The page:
The other existential shock for HAL is the opening up of aerospace to the private sector. Although it still commands vast advantage and resources having functioned as an aircraft manufacturing monopoly for decades, it will henceforth have to compete with more nimble private players for building India’s next fighter, which the Government intends acquiring through the strategic partnership model. Under this model, Indian companies, both private and public sector, will tie up with top foreign manufacturers to submit competing bids to win the order for making fighters in India.
CULTURE OF DELAYS
Its culture of delays has also contributed to the mess the company finds itself in. At a press conference in October 2018, Chief of the Air Staff Air Chief Marshal B.S. Dhanoa lamented that the delivery of Sukhoi-30s was three years behind schedule, the LCA Tejas five years late already while the Jaguar and Mirage 2000 upgrade programmes are six and two years late respectively.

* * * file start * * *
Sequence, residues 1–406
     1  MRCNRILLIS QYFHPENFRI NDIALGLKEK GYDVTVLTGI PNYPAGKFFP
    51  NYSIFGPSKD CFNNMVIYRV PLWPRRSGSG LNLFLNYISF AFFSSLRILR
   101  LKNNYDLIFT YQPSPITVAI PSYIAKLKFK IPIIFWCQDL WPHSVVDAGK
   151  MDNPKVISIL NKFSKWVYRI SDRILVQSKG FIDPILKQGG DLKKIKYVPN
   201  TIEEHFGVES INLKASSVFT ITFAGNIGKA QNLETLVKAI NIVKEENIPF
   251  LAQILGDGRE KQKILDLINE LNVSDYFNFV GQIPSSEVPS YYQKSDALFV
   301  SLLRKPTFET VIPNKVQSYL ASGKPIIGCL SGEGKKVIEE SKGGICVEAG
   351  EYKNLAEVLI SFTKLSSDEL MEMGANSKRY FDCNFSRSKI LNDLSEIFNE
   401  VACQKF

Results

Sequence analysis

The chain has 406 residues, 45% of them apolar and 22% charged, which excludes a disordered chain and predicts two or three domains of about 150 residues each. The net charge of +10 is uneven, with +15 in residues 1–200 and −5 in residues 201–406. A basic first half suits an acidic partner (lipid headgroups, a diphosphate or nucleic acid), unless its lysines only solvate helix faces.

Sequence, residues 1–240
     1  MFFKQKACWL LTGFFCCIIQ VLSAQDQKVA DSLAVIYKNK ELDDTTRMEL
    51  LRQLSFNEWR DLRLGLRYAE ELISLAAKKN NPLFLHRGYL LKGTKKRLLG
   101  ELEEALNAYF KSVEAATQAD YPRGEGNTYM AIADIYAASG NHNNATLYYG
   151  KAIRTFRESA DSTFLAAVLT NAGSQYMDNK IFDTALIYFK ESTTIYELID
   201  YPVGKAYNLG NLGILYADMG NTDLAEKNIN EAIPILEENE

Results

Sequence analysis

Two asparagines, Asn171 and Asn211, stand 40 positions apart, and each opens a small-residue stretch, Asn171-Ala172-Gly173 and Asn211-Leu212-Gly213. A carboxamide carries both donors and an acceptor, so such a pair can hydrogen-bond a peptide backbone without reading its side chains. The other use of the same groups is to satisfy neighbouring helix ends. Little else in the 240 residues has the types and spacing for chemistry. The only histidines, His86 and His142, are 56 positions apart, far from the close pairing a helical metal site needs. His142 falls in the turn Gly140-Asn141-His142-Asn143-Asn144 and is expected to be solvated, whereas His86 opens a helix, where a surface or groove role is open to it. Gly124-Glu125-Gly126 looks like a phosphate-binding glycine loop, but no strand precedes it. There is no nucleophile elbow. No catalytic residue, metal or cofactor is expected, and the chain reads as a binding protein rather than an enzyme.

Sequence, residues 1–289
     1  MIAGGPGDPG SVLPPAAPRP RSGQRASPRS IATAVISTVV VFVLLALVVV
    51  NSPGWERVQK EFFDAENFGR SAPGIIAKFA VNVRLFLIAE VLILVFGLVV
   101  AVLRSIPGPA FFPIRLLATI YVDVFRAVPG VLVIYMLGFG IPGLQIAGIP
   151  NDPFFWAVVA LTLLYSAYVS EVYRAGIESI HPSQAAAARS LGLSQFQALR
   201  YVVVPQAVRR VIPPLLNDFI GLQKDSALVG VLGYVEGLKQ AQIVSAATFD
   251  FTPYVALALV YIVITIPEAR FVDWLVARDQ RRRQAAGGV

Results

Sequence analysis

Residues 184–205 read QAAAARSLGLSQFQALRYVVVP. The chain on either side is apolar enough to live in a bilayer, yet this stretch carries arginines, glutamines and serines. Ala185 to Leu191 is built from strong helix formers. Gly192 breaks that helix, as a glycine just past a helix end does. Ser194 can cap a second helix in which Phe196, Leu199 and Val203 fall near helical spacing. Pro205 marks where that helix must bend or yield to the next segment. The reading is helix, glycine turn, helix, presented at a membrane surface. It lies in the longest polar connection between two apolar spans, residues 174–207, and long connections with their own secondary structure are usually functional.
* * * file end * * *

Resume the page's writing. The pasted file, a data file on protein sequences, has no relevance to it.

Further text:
Payments are linked to milestones, and with each of the projects running late, cash flows do not come on schedule, throwing the financial planning completely off gear.
As of now, the LCA Tejas appears to be HAL’s lifeline, but that is dependent on other stake-holders, particularly the DRDO Aeronautical Development Agency – also mired in endemic delay – delivering its part of the bargain.
The big irony is India’s biggest and most vital Defence PSU facing an existential crisis after recording its highest-ever turnover of 18,519 crore only last fiscal. The momentum of the past will ensure that it will stay the principal aerospace player in India over the near future. But it’s clear that it can’t be business as usual any more, and the HAL will have to fight to hold on to its pre-eminence.